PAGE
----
I had many disasters over the last few years, which all served as a learning curve. But the toughest race was the World Champs last year in Denmark, where ITB syndrome and stomach distress made me walk the last 15km of the run segment of the race (out of 30 km).

    How do you overcome setbacks?

    Take some time off, switch the mind and focus off from sports and try to find new and personal motivations.

    What advice do you wish you'd been given before you started competing?

    Keep it simple and do not overthink.

    What are your goals for 2019 and 2020?

    Qualifying for the Ironman 70.3 World Championships.

    Who do you take your inspiration from?

    My wife, who's not very much into sports (except for alpine skiing).

    What do you like about Sundried and what’s your favourite bit of our kit?

    The commitment towards being environment-friendly and the sustainability of the production chain. Anything that is made from coffee has my blessing and I really like the idea of using recycled plastic bottles for sport apparel and clothes in general.

    Posted by Alexandra Parren
  • The Sub 5-Hour 70.3: How To Improve Your Half Ironman Time

    running triathlon Eton Dorney

    I’m going to let you into a little secret. I started triathlon in 2012 unable to swim a single length of front crawl. This meant that in my very first triathlon, the London Triathlon, I swam breaststroke and was accompanied by the safety kayaks. I’d love to say this was a one-off and after this I sky-rocketed to triathlon success, but I’m afraid it wasn’t, and I didn’t. I entered a few more national races and the story was devastatingly similar – if not worse. I was accompanied by the safety kayak in every race and was the last person out of the water in nearly all of them.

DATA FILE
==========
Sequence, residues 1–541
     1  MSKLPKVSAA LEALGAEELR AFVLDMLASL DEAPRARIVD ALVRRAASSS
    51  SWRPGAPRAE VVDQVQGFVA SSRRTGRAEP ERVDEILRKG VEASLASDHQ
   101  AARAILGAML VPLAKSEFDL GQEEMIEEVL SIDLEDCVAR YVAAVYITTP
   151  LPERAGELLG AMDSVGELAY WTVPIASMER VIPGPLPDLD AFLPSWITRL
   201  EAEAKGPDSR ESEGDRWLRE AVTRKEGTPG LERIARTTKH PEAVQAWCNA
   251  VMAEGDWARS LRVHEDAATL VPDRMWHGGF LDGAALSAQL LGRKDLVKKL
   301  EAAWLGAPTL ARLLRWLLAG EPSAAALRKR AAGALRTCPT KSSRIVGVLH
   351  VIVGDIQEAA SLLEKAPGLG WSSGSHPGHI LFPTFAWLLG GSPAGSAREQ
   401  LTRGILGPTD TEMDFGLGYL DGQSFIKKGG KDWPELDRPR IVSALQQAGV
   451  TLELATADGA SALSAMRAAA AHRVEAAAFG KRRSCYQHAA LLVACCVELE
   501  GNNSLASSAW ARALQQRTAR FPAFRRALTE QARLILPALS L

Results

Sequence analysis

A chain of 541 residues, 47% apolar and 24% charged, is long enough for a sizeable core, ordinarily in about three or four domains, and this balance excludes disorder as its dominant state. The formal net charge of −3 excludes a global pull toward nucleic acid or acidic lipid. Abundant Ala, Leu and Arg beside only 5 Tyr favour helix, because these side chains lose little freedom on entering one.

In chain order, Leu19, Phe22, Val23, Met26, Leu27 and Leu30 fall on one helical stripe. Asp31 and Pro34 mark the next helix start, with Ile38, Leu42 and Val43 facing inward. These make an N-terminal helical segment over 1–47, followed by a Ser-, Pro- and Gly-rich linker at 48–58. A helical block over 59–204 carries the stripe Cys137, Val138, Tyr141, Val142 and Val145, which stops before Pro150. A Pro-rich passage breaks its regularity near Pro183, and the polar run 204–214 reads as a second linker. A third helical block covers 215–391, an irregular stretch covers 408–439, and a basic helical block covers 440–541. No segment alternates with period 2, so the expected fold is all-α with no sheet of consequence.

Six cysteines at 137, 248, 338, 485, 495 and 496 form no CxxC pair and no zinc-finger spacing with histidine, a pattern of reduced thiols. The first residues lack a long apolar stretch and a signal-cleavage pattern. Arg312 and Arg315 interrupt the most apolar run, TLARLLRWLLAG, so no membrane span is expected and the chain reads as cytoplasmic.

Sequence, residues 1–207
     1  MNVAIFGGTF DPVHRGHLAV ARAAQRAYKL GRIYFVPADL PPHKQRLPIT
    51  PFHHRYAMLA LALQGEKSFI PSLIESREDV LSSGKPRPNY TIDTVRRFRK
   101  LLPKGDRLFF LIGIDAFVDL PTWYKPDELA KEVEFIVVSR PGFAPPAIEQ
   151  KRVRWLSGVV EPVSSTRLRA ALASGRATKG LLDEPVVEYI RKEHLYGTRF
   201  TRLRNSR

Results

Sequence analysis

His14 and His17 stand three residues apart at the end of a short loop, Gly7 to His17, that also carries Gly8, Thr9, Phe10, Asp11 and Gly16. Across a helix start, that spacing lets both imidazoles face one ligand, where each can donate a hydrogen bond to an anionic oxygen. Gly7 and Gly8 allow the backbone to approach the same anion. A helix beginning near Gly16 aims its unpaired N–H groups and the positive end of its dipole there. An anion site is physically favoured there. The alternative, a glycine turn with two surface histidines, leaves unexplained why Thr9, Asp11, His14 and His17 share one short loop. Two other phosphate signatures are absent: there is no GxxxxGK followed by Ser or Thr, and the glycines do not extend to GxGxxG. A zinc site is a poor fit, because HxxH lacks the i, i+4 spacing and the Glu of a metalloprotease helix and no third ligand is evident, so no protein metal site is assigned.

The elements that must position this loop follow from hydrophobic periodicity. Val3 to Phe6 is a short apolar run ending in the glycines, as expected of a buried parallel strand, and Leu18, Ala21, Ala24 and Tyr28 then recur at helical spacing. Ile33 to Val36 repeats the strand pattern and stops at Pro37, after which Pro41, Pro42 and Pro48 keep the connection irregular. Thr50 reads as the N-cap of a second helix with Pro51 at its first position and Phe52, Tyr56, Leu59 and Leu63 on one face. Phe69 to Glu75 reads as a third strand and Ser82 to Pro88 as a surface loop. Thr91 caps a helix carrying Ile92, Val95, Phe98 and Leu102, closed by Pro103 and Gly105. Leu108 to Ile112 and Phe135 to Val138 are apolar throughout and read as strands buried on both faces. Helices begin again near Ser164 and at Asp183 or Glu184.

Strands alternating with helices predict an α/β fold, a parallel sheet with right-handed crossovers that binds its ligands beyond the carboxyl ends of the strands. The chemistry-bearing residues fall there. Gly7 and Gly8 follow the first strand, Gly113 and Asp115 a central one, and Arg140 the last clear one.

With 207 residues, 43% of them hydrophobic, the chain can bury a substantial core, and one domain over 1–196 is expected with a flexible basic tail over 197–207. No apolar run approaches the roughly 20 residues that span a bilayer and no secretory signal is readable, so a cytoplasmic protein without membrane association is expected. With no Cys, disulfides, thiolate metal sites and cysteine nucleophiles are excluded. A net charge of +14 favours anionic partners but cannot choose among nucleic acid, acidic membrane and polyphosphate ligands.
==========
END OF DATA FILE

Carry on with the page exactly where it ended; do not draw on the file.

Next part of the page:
Why on earth did I not just throw it all in at this point? Well, I guess I still had some demons to put to bed first. Besides, I had entered my first half Ironman. Your first Ironman 70.3 (1.9k swim, 90k bike and 21k run) should probably be a nice, local, accessible one, where your friends and family can come and support you and where familiarity goes some way to help you cope with the prospect of taking on those intimidating distances. Isn’t hindsight a wonderful thing, though?

    cycling triathlon Ironman racing

    In “I’ll enter now and think about it later” style, I signed up for Ironman Lanzarote 70.3, having no clue what the island had in store for me, as I had never even been. Sounds nice though. Don’t people go on holiday there? Oh boy was I about to get a rude awakening. I had never flown abroad with my bike, never taken my bike apart and attempted to put it back together again, never raced the distance before and – to make matters worse – I’d never even hired a car abroad or driven on the wrong side of the road before. So I flew out to Lanzarote and did all of the above. Completely and utterly on my own.